CUBA and the hunt for black market lobster

January 1, 1970

by Ali Swidler

Over the years I would Revel in my friends adventures in Cuba. They would rave about the people, the beaches, the music and the rich Cubano culture. I indulged in their stories of salsa parties, music festivals, and roaming the streets full of vintage Chevys and Art Deco architecture. But what they failed to include in their review was what I found to be the most interesting about the country. Communism.



My friend and I flew to Cuba from Honduras in February 2016 and were extremely curious to explore a country that has endured such strict limitations.

With a wad of Euros in our wallets (no credit cards allowed) and a stamp on a piece of paper shoved between our passports, we navigated our way to Havana for our first night at a Casa Particular in Vedado. This neighborhood is dope as the streets are lined with artsy bars and creepy, majestic, abandoned crumbling neo-classical mansions.


After a few mojitos with some random gringos at Kings Bar, we craved local company and stumbled our way into Café Madrigal, a funky gay bar they kept open for us after hours. By day the bar tender is a gynecologist, but his measly $40 a month salary plus food rations isn’t enough to live on. Bartenders and Cab Drivers make more money than doctors and white collared professionals, so the combination is prosperous. And, we tip 20%.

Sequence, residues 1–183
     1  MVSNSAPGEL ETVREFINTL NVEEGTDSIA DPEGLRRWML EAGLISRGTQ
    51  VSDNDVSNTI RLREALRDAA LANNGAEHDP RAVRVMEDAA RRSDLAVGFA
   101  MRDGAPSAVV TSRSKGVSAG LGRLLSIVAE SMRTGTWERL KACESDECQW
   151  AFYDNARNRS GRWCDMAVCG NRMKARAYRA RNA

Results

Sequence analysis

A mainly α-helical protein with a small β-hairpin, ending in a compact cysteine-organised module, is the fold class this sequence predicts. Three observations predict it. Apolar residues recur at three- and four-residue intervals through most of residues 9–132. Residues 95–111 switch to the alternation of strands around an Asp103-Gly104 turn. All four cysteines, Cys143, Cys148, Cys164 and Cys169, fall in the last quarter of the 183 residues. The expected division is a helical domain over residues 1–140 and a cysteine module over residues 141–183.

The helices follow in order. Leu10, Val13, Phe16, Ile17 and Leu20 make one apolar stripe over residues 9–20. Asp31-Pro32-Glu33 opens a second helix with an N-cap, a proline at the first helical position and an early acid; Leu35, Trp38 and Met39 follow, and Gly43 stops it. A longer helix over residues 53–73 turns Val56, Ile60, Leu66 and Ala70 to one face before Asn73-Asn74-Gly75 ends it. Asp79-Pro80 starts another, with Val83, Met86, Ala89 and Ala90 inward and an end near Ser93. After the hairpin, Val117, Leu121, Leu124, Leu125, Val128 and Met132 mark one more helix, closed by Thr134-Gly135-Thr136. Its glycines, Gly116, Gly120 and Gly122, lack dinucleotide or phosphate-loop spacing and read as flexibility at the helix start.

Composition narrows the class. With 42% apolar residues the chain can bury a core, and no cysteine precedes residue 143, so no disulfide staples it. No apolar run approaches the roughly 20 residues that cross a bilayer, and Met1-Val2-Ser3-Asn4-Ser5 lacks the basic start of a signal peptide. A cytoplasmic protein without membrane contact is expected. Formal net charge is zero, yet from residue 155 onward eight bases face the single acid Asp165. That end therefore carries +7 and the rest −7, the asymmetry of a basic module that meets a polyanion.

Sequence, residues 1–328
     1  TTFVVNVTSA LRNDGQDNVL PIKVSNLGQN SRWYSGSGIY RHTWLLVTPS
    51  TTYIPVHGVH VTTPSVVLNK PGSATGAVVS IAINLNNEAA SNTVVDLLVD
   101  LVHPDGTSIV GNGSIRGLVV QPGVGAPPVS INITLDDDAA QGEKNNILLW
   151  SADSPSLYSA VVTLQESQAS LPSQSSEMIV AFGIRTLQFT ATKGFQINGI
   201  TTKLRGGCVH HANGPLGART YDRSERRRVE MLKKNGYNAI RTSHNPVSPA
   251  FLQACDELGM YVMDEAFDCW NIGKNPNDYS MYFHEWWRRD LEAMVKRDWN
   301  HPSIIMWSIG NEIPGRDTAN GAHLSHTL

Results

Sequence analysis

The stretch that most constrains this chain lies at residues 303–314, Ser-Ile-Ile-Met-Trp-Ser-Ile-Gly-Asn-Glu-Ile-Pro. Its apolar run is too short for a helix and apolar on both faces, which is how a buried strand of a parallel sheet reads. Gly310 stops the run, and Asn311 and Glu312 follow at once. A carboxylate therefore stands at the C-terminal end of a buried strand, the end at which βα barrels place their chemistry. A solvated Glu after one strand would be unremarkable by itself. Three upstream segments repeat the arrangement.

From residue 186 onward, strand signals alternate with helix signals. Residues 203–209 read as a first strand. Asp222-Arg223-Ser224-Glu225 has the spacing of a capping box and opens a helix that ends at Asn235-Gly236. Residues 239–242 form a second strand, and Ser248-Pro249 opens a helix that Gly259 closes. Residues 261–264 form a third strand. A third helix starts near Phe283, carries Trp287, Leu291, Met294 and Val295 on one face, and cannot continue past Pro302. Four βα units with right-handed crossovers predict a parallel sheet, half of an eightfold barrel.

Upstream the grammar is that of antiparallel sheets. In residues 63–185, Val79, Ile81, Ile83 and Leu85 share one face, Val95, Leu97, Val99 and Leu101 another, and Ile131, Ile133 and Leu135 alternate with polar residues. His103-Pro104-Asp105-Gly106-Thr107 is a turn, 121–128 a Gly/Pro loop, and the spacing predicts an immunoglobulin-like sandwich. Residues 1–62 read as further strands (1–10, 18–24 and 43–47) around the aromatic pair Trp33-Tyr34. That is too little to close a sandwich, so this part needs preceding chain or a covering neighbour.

If you want to live like a Cubano, live with a Cubano. Casa Particulars are private homes for rent similar to a B&B or even just a guest room for an authentic Cuban homestay. Our Vedado Casa felt more like a Parisian Boutique Hotel, but in Habana Vieja we had a room with a bath in our host’s apartment. Lucky for us he was a party boy, so we went out with him and his friends on Friday night to a jazzy piano bar and had an after party back at our Casa with Havana Club and some black market Jameson. Our host Joao, is a professional ballet dancer, and proud owner of Café Arcangel. Previously the living room of his parents home, they transformed the Café after the law passed in1997 that allowed Cubans to turn their home into a business. This additional income allowed him to buy and renovate his 2 bedroom apartment and turn into another Casa.